When the Constitution puts a limitation on executive authority, the president can’t just ignore it for the sake of convenience. That message was delivered forcefully on Friday in a decision by the U.S. Court of Appeals for the District of Columbia Circuit. A unanimous three-judge panel declared unlawful President Obama’s installation of three appointees to the National Labor Relations Board while the Senate was in session. The president is compounding his disregard for the Constitution by thumbing his nose at this well-reasoned decision.
The nation’s founding document grants the president authority to “fill up all Vacancies that may happen during the Recess of the Senate.” The appellate panel’s ruling points out the use of “the Recess” as opposed to “a recess” or “an adjournment” was not accidental. The term refers to the long break between congressional sessions in which it makes sense for the president to make an interim appointment because the Senate is not available to provide its advice and consent. In his ruling, Chief Judge David B. Sentelle refused to accept novel interpretations meant to expand the appointment authority, saying, “We will not do violence to the Constitution by ignoring the Framers’ choice of words.”
Desperate to stack the National Labor Relations Board with Big Labor cronies, the White House refused to allow an old piece of parchment get in the way. On Jan. 4, 2012, Mr. Obama made the appointments even though the Senate was conducting “pro forma” business and the House of Representatives purposely chose to remain in session to thwart the potential recess appointments. Administration lawyers argued before the court that the president, not Congress, had the ultimate power to decide when the Congress was in session. Under this interpretation, Senate participation in the nomination process would be converted from a check and balance on the executive to an empty formality.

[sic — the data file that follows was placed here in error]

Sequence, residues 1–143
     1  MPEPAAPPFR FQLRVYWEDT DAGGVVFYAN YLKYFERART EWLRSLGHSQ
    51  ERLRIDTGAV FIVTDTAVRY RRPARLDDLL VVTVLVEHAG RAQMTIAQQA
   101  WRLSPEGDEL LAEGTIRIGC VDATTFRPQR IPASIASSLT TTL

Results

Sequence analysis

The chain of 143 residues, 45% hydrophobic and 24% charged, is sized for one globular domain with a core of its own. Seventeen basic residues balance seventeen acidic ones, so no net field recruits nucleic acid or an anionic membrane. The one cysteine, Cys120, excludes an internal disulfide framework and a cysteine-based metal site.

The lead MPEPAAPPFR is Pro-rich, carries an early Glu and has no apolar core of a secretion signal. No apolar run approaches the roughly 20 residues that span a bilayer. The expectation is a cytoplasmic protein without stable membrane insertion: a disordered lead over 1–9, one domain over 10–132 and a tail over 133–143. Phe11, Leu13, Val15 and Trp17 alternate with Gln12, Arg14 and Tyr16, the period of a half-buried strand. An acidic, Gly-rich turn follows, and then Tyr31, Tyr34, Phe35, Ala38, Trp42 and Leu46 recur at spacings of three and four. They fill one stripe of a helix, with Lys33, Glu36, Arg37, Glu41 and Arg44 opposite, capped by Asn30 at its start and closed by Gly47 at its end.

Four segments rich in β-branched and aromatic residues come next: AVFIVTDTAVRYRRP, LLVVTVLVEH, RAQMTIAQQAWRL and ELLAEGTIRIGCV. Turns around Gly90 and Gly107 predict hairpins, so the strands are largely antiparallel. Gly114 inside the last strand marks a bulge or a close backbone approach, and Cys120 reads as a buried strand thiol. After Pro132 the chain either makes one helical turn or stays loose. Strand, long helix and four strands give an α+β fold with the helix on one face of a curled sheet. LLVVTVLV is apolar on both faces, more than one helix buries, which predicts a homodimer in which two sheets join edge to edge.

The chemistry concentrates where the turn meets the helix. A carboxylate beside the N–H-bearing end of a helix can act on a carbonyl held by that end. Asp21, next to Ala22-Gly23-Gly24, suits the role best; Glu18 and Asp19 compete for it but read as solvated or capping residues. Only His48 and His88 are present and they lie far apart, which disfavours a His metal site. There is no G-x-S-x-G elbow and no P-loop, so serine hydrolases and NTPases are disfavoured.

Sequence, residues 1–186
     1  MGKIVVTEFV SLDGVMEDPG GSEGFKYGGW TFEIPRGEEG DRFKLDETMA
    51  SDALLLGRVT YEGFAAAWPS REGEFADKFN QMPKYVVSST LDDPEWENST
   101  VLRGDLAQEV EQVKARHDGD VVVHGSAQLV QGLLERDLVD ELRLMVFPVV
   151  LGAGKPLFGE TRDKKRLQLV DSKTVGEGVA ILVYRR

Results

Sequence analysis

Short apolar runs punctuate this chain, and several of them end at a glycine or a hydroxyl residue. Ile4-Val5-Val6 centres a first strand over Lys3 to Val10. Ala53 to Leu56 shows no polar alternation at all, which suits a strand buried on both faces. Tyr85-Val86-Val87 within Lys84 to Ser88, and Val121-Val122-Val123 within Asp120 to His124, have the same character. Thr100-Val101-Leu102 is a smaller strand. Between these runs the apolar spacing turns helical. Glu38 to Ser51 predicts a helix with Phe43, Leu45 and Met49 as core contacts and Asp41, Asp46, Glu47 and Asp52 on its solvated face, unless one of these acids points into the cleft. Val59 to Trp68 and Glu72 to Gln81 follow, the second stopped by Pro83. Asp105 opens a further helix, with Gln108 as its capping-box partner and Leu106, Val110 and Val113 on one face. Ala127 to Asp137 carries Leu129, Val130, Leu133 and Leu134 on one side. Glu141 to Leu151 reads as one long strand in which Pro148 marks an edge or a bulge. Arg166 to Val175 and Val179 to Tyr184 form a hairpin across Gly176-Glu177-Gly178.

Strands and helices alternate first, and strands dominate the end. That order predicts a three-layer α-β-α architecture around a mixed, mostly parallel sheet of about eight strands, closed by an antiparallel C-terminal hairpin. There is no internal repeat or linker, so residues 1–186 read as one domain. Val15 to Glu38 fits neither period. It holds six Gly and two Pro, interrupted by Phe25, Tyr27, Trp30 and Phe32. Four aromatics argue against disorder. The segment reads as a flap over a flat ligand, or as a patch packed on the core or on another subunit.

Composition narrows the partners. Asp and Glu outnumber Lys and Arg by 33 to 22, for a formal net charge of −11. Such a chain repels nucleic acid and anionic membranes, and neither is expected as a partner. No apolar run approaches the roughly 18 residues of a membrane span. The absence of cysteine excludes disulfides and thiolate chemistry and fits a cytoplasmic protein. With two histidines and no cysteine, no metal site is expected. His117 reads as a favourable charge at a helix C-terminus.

Such an interpretation undermines the separation of powers, in the appellate court’s view. It found the appointments “invalid from their inception” and, consequently, board decisions made without a quorum of properly appointed members are null and void.
Instead of graciously accepting defeat, the administration is continuing with business as usual. NLRB Chairman Mark Pearce responded to the court decision with a statement proclaiming, “The Board respectfully disagrees with today’s decision and believes that the President’s position in the matter will ultimately be upheld. It should be noted that this order applies to only one specific case, Noel Canning, and that similar questions have been raised in more than a dozen cases pending in other courts of appeals.” White House spokesman Jay Carney blew off the decision, saying, “It’s one court, one case, one company.”
The Senate’s “advice and consent” role is more important now than it has ever been, as it is unlikely purported NLRB member Richard F. Griffin Jr. would have ever been confirmed. In October, a lawsuit was filed against Mr. Griffin and other executives at the International Union of Operating Engineers, accusing them of terminating employees in an attempt to cover up embezzlement. Perhaps some of his accusers would have come forward earlier had a public hearing been set on his nomination.